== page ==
You can see from the example above how the blue font FoundryWilsonExpert looks and feels much more compact than the black coloured Eldorado Display sitting underneath. A lot of this is just a personal preference with serif fonts, I just much prefer them to be more compact looking, they feel better proportioned but also have a less rustic feel than the "taller" variations
This is where the joy of font-pairing hits you hard and fast.
Phase Four - Font Pairing
Prior to making my mind up with the serif selection, I had earlier decided to use font like Gotham for the 2nd line–if you are looking for some Gotham alternatives, I might just have a few for you–which falls into this more compact and well proportioned shape.
Looking at the image above again you can see how the first serif example when paired with Gotham looks a little unwieldy and lanky. The proportions feel way off and also now looks a little top heavy, even though Eldorado is a relatively light font.
Compare this to the right hand version where I have paired FoundryWilsonExpert with Gotham, this looks more like a natural fit. Foundry does not look out of place and seems to sit comfortably on top of Gotham; this is because the fonts share similar cap-heights.
TIP: An easier way to see this in action is to put both serif and sans-serif on one line. Eldorado and Gotham on the top and FoundryWilsonExpert and Gotham on the bottom.
With consultancy the same point-size and ensuring the serif cap-height matches the cap-height of Gotham, you can see exactly how much narrower Eldorado is when viewed in this way.
TIP: Another visual clue is to look at the overall shape of the letter O and see how it varies with your suggested font-pairs.
The horizontal guides represent the cap-height whilst the the Gotham O is blue with the serif overlayed. FoundryWilsonExpert on the right is much closer in style than Eldorado will ever be.
Bye bye Eldorado.
Phase Five - Colours & Details
Taking ALL the above into account, this is what we end up with.
A jigsaw forms the core shape whilst the compass provides some extra clues to what AWS is all about. Details like rotating the icon 45˚ creates a more interesting shape and allows the rounded jigsaw bits to fall either side of the more pointy compass like arrow corners. Some of this was just about shifting focus away from the jigsaw piece. The white specs are little mini-triangles to provide some visual interest to the centre.
Finer details had to be thrashed out over a few days, which included: how thick or thin to make the circle key-line, how much space the icon should take up within the circle, how big the wording should be in relation to the whole logo-mark, how much space to leave between the two elements, how much tracking to apply to the tag-line which would determine how big or small the point size should be in relation to the main wording.
Then we had colour. I'll touch on this quickly as this was not so quick to sort out. I really didn't see purple fitting in with this logo although I did show Alison a number of colour options.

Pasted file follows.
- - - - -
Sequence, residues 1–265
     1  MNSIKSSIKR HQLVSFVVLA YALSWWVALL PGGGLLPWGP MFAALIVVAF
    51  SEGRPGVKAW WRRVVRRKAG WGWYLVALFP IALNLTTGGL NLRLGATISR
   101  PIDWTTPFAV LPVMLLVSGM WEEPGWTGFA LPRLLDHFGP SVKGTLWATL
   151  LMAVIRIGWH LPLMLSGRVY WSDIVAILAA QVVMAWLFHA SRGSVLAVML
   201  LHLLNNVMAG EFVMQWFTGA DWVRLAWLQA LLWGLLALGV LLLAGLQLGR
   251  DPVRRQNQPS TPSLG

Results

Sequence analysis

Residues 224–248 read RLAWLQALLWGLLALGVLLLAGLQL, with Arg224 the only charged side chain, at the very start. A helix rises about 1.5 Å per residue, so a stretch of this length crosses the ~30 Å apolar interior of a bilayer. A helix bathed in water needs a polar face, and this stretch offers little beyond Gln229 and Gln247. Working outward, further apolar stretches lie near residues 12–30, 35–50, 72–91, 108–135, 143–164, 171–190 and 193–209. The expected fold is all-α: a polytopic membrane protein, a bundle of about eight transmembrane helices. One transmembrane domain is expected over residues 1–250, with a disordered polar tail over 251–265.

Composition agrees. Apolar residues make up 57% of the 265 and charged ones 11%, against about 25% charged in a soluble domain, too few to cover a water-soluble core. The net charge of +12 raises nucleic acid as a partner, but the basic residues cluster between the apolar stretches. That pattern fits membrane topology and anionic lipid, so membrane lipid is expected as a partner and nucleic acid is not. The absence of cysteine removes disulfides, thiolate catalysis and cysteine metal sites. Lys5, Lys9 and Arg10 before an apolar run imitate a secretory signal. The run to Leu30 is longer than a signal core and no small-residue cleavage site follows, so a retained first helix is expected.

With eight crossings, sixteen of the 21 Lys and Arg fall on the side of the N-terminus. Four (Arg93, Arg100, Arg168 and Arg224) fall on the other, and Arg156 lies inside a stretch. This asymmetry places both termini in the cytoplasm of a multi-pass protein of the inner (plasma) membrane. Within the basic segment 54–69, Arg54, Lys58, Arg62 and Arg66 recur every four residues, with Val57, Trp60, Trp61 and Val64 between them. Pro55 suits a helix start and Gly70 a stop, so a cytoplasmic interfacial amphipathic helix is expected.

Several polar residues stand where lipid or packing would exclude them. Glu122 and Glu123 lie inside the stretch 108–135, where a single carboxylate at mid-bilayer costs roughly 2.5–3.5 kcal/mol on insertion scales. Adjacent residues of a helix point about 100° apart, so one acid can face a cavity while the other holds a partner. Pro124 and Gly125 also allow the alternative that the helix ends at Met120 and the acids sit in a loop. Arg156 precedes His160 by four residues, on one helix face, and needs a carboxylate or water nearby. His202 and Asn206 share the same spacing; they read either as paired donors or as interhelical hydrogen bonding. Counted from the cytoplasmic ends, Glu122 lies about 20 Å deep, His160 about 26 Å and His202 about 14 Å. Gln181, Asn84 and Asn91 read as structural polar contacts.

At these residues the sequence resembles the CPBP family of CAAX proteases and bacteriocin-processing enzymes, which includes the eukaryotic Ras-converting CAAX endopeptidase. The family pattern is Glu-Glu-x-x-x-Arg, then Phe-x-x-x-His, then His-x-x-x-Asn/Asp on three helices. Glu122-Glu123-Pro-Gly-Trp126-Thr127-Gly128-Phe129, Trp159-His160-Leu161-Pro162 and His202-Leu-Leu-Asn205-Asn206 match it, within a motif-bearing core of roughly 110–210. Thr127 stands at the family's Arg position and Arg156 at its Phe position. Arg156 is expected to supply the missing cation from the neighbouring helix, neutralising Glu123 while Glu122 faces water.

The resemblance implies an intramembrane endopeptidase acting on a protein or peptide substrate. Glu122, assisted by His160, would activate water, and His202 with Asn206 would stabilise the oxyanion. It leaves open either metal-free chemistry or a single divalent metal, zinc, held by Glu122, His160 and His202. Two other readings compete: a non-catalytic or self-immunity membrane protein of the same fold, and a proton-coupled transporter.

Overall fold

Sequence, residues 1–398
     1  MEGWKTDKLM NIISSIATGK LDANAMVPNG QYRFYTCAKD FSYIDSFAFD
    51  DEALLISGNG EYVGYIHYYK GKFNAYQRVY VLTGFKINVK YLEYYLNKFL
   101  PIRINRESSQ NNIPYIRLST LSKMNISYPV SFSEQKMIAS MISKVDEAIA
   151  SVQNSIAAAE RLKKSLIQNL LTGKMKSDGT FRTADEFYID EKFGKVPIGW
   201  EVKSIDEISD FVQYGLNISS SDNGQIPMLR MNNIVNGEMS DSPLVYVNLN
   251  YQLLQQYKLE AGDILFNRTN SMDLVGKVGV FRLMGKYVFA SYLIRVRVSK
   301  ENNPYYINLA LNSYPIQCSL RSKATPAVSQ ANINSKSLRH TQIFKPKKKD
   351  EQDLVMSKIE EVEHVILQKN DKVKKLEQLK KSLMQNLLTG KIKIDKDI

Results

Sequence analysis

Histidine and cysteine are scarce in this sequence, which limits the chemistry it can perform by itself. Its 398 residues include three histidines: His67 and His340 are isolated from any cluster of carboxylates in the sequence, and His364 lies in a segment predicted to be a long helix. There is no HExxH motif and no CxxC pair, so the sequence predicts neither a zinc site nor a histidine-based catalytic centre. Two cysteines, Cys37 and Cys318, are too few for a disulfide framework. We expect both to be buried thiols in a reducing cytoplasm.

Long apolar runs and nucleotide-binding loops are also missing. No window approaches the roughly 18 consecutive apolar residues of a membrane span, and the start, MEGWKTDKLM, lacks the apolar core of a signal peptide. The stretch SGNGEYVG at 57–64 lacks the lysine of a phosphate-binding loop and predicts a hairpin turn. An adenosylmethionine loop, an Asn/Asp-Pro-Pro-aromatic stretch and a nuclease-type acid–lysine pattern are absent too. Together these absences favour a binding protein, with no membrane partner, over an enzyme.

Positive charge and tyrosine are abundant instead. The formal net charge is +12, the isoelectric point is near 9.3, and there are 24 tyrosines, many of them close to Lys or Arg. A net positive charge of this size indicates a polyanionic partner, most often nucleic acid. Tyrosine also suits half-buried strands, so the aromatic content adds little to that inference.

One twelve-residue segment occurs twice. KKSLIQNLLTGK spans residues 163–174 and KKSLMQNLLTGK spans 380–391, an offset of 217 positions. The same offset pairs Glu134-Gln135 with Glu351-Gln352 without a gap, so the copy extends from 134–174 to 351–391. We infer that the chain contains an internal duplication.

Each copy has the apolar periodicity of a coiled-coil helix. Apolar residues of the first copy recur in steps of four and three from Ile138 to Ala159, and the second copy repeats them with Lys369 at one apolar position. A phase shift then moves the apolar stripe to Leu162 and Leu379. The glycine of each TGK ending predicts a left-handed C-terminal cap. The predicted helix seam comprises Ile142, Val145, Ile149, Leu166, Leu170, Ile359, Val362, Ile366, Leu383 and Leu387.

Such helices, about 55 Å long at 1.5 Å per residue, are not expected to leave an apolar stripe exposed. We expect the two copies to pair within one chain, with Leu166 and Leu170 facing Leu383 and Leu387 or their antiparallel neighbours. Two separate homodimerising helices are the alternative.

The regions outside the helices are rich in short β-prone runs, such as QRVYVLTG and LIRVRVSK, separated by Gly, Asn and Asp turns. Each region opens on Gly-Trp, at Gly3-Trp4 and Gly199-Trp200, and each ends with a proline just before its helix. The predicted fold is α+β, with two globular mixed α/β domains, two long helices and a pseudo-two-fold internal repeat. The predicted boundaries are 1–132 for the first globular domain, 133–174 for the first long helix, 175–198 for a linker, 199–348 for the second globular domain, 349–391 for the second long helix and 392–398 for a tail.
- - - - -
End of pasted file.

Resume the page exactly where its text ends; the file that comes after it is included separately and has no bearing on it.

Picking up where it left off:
Bright purple was out of the running but we still couldn't really decide on a suitable colour.
The idea was that this would be a 2-colour job, black wording and the something colour for the logo-mark. Alison quite quickly discounted the brighter colours as these just didn't work with the overall style of the logo, so we ended up with more muted options.
Now this is where it's always important to keep what the client has or had suggested in mind, no matter how obscene it might have sounded at the time. At the beginning Alison had suggested purple and gold and I had quickly discounted the gold as the mental image of this bright yellow hue was way too hideous.
Looking through my Pantone swatch book I flicked right to the back and saw a few pages of metallic colours, including gold. Never before had I considered a metallic for such a prominent area, let alone gold. Yet the colours staring at me were beautiful and I was coming round to the idea of actually using gold, just not quite the gold Alison had in mind at the beginning.
We narrowed down the metallic options to Pantone 8003C.
What a result. The client ends up with both her initial requests: the jigsaw piece and the colour gold, bundled into the finished design.
With final artwork approved for the logo I just had to knock-up some business cards for which I was terribly excited about this because it meant fully utilising Pantone 8003C.
The chosen design has an all-over tint of Pantone 8003C on the front with the logo-mark dead centre. So with one colour we were able to create the impression of something a little more interesting, especially with the white out portion of the logo-mark as the main focus.
The reverse is a pretty standard layout, nice and clean.
As I had used Gotham in the logo for the secondary line it made sense to keep this as the main secondary font for the overall identity.
My master plan was hoping that when printed on super white stock that this would really set off the logo-mark.
The result was better than I had hoped. As you can see from the images below, in certain lights the metallic gold reflects the light with its subtle sheen.
You made it.
Paul Rands Unused Ford Logo from 1966